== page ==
Screen Savers

CUREFall 2009
Volume 8
Issue 3

One organization strives to improve cancer screening.

Don Listwin believes cancer screening wouldn’t be so controversial if tests actually screened for cancer. The problem is that most don’t. They look for an abnormal indicator, which might signify the presence of cancer. Or not. “PSA is a prostate-specific antigen,” he says. “It’s not a cancer-specific antigen.”

He envisions the day that cancer screening works more like a pregnancy test: cheap (you can buy a pregnancy kit for less than $15), precise (those little blue lines), and offering a non-invasive confirmation (ultrasound). “The problem is, we don’t have really good cancer-specific markers,” he says.

In 2004, Listwin used the fortune amassed from his years as a high-tech business executive to found the Canary Foundation, a nonprofit dedicated to early cancer detection research. His mother died in 2001 of ovarian cancer that went undetected and misdiagnosed until the disease had reached stage 4. After his mother’s diagnosis, Listwin was stunned to learn the vast majority of cancer research funding is spent to develop better drugs to rescue patients in the final stages of cancer. Few resources are devoted to improving early detection, largely, he says, because the current medical system profits from treatment. “It’s an economic problem,” he says.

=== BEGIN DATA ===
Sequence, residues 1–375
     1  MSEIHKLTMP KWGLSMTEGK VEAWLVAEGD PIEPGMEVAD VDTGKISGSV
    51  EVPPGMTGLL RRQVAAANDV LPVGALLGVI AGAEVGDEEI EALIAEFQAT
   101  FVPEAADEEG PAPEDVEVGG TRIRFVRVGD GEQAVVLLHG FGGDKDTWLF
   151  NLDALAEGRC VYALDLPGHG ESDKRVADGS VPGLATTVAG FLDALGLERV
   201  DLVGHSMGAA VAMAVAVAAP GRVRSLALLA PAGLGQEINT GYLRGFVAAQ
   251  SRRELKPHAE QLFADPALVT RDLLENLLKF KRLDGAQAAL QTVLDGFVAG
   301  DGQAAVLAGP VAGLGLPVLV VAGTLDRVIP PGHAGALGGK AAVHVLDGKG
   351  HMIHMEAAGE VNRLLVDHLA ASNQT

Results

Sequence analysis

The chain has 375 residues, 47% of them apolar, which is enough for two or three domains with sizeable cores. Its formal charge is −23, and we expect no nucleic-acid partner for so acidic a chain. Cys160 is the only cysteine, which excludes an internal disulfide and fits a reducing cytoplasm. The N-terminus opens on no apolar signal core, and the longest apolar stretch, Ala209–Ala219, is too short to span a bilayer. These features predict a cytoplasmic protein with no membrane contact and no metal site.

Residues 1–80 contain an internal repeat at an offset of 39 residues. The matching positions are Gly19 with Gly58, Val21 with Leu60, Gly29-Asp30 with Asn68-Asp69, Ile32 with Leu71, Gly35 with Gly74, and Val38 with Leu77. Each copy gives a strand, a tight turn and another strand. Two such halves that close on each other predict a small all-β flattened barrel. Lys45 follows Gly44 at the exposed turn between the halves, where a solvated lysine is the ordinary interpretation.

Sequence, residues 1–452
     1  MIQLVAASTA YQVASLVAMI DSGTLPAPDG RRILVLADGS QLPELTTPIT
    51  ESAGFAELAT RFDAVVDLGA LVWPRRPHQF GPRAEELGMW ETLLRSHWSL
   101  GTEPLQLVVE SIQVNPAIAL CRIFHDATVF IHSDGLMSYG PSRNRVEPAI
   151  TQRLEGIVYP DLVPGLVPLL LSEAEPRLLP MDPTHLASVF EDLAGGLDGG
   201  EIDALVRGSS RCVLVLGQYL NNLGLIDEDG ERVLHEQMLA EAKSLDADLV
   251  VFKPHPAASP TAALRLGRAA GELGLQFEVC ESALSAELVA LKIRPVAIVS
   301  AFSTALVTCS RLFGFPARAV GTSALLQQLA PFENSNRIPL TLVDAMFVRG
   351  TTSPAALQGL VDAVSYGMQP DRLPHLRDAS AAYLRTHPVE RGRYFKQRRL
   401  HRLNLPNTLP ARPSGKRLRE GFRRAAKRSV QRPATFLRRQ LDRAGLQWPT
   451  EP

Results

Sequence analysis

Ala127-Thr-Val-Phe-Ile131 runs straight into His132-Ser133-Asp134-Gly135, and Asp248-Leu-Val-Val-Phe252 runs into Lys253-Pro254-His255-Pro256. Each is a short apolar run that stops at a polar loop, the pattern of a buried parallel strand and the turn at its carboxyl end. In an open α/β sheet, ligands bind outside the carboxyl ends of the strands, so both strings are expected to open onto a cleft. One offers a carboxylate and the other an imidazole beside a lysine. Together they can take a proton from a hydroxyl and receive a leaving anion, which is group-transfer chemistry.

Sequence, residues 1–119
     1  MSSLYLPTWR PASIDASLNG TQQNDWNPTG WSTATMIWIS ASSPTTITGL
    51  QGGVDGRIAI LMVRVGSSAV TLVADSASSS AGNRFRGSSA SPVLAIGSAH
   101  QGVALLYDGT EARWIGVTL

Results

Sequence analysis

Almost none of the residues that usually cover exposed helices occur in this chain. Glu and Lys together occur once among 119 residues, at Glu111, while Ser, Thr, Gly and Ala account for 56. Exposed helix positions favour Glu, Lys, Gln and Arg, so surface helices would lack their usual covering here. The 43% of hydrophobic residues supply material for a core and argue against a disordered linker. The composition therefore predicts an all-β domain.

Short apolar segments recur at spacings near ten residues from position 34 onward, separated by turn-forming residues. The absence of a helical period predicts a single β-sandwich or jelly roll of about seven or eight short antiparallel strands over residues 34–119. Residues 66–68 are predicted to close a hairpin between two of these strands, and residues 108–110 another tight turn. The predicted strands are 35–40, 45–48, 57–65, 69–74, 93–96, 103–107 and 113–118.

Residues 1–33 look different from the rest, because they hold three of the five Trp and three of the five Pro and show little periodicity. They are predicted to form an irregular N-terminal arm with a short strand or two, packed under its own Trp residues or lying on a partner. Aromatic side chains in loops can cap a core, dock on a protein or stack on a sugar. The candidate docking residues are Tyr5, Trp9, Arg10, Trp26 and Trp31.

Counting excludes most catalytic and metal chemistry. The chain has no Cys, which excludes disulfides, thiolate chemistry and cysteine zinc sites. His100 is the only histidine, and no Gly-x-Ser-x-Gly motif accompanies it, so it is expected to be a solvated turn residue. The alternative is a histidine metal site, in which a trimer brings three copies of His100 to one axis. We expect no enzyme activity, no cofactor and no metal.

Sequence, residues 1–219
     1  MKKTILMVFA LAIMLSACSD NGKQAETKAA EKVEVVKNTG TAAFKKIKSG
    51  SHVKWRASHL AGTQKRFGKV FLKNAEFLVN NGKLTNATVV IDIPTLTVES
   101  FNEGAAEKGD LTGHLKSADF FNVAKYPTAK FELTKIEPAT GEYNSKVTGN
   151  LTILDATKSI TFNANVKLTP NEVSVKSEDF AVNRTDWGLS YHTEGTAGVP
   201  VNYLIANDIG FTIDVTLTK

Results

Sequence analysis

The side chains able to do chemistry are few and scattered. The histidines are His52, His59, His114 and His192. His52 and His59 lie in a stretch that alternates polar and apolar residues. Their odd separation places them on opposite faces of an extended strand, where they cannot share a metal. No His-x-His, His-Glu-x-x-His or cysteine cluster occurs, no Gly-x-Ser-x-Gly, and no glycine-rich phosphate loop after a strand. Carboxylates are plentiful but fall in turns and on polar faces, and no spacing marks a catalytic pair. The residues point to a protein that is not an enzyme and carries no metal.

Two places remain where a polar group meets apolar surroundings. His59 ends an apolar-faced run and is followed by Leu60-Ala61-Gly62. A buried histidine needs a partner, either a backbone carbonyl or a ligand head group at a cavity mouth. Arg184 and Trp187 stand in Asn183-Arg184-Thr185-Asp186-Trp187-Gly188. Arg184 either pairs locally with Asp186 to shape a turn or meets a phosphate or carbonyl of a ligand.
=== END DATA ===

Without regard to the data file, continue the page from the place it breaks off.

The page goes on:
Scientists at the Canary Foundation are focusing largely on finding proteins circulating in the blood produced only by cancer cells. Like pregnancy, it would be something you have or don’t have. They’re also working on molecular imaging—technology that would confirm malignancy without the need of a scalpel—for example, by making tumors light up on an ultrasound.

While such tests don’t yet exist, Canary-funded scientists already have promising leads, including a panel of four markers for ovarian cancer about to be tested in high-risk patients, and a gene that may be involved in pancreatic cancer. Listwin has set a goal to have clinical tests in place for all major tumor types by 2015, tests that would find tumors when they are no larger than 1 millimeter cubed—about the size of a pea. “If you find it at the millimeter cubed size,” he says, “you can save lives.”